Positive investment returns were experienced across all asset classes as the weakness in the fourth quarter reversed quite nicely. Domestically this reflects reduced concerns that the trade war with China would escalate the move of the US economy into a recession. After the S&P 500 declined by 14.0% during the 4th quarter of 2018, stocks started 2019 with a vengeance, increasing by 13.6%. The advance was once again led by technology stocks (up 19.8%). Other top-performing sectors included industrials (which advanced by 17.2%), energy (16.4%), and consumer discretionary (15.7%). Laggards included health care which rose 6.6%, and financials which gained 8.6%. In the case of health care, political concerns have escalated around the need to contain health care costs and talk of “Medicare for All,” neither of which has positive implications for the group. In the case of financials, the persistence of the flat yield curve, in spite of continued economic growth (including a 3.2% Q1 2019 GDP number) has kept investors nervous about bank earnings. Domestic small and mid-cap stocks also participated nicely in the Q1 rally. International stocks did not match the strength displayed by US indices as economic conditions among many has continued to teeter with many only muddling through with little signs of meaningful growth. This included much of Europe as well as Japan. Both the MSCI EAFE Index and the MSCI Emerging Market Index underperformed the S&P 500 by some 350 basis points. Valuations (P/E Ratios) in most all key developed markets are below that of the S&P 500 (17.1x 2019 estimate) reflecting a more muted earnings outlook and a higher level of political instability across many.
The bond markets domestically continued to churn out steady returns and, like equities, above the fourth quarter of 2018. The wavering signs from the Federal Reserve have made for interesting reading but caused only modest volatility in interest rates in the first quarter. The market may want Fed rate cuts, but it may not get them if the leading cyclical data are starting to turn higher now in a durable fashion. Inflation also obviously matters. We have to believe we are in the neighborhood of full employment (3.6% unemployment rate in March) in the U.S., where slack is exhausted. Even the OECD global output gap has closed. Without some slack it is unlikely that the economy can sustain robust growth without eventually stoking some inflation. Given that the U.S. bond market is unwilling to price out the bet on a Fed rate cut, there remains risk if inflation picks up even a small amount in 2019. Holding on to “Goldilocks” indefinitely requires justifying a Fed rate cut that we find hard to justify now.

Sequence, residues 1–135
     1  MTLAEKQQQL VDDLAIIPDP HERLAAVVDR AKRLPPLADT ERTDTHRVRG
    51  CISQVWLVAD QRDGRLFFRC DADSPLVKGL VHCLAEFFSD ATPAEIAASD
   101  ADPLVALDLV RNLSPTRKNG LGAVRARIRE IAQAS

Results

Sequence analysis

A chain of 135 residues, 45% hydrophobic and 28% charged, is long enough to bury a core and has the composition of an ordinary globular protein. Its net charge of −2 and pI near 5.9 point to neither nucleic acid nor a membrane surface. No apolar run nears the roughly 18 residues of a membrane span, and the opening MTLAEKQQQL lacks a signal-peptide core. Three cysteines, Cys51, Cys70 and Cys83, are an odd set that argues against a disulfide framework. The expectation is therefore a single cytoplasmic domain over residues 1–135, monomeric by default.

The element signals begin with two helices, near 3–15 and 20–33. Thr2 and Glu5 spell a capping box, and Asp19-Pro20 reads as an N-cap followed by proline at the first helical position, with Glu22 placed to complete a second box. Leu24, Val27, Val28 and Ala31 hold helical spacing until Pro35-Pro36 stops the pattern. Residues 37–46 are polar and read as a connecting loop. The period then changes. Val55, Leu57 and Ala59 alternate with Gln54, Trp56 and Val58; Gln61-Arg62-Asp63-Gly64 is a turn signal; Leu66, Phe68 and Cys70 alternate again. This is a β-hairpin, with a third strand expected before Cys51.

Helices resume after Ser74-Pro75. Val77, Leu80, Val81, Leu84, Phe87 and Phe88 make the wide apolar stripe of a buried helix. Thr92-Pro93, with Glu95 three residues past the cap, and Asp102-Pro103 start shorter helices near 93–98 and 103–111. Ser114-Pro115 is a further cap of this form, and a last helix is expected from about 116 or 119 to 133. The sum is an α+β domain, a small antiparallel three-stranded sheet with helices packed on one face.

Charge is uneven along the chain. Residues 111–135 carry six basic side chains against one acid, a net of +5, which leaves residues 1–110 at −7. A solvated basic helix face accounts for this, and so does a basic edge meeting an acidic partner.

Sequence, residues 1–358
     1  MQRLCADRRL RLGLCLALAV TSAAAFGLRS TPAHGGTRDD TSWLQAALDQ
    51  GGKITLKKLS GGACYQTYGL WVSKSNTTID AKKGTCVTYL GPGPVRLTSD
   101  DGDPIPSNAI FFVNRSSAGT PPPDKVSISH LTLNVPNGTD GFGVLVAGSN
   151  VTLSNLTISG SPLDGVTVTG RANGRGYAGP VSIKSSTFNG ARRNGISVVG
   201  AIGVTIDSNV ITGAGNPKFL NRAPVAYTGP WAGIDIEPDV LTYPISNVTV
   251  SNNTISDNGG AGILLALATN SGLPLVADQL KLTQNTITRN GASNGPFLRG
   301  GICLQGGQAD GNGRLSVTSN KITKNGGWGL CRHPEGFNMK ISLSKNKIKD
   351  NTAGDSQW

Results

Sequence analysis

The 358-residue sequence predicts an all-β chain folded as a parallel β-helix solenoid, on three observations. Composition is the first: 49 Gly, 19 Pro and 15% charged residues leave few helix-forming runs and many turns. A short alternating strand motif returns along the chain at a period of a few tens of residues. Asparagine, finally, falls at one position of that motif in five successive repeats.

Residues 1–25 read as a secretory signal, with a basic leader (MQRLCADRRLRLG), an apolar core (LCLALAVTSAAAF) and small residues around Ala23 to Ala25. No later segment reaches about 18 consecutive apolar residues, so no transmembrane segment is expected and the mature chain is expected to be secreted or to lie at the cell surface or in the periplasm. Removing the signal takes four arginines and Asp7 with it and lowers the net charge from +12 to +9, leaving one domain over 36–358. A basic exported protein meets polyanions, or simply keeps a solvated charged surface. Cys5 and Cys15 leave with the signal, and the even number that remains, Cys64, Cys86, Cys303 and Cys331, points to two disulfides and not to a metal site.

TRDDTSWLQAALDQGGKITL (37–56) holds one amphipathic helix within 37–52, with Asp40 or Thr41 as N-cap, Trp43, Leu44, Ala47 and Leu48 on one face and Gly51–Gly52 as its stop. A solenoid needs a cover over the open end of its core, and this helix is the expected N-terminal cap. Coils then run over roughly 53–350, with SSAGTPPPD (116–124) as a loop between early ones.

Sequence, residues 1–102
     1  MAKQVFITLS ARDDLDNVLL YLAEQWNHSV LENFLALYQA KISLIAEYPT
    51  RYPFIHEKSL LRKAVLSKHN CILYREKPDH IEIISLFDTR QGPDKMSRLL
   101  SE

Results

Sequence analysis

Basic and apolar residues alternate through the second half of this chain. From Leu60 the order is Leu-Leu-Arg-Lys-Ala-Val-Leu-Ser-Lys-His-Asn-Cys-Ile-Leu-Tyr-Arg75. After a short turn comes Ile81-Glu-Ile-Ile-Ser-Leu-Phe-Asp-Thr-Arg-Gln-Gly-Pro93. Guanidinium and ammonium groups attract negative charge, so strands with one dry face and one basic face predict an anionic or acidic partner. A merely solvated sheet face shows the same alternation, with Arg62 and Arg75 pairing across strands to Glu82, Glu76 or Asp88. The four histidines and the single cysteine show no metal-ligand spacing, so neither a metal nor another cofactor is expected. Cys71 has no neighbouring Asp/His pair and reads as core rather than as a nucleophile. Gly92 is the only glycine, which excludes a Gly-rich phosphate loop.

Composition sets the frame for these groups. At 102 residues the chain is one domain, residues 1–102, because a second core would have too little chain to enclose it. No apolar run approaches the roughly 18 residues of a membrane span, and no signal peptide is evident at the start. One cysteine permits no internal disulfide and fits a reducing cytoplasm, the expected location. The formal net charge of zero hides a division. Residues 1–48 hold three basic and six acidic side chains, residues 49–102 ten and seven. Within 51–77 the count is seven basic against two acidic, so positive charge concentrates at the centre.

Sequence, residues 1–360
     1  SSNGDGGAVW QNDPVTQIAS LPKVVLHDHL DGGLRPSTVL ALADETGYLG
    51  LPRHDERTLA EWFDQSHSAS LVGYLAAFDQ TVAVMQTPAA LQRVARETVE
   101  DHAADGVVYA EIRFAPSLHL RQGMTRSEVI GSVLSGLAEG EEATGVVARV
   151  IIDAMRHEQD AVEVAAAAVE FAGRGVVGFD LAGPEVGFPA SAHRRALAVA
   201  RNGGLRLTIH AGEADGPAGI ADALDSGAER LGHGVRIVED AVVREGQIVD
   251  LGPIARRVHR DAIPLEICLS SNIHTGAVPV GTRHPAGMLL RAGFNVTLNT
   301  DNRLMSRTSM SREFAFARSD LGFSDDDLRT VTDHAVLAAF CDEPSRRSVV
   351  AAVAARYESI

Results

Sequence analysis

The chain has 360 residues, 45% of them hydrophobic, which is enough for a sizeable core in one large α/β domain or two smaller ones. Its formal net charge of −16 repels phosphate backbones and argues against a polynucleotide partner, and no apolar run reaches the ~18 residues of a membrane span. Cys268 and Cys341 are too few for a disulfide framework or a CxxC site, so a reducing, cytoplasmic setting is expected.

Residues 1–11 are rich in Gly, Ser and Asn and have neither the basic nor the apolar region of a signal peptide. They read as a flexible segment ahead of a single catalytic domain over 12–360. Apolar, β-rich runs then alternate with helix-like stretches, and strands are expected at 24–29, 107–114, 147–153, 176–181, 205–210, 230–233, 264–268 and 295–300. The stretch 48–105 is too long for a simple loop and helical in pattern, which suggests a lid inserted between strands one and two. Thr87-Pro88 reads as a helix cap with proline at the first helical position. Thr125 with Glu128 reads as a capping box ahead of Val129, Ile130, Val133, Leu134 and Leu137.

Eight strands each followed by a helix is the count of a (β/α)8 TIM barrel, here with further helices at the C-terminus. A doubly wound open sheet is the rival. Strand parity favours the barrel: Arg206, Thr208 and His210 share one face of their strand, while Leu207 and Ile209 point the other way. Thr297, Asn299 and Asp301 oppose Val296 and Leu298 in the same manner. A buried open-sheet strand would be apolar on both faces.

We remain fully invested in equities today (as we have been for quite some time) owing to the following factors:
- Inflation expectations are well-anchored and long-term interest rates are historically low
- Monetary policy remains accommodative; fiscal and regulatory policy remain stimulative
- The supply side impact of tax cuts are staling to come through (with the exception of capital expenditures)
- Economic growth is expected to stay in the 2-3% real range in 2019/2020
- We see few signs of speculative excesses including IPO activity and mutual fund flows
- Money growth and the velocity of money have started to increase, benefitting risk assets like stocks
- The Standard & Poor’s 500 sells at 17.1x our 2019 estimate – not necessarily cheap by historic standards, but not expensive either considering the current level of interest rates
Barring a policy error or an exogenous event, the U.S. economy appears far from recession. While some sort of trade deal with China has been priced into current equity prices, a “good” trade deal – one that actually opens up markets and expands commerce – has not. Global growth appears poised to accelerate in the second half as China’s stimulative measures start to take effect. This all means that the trade picture with China stands as the key event to watch as we continue into 2019.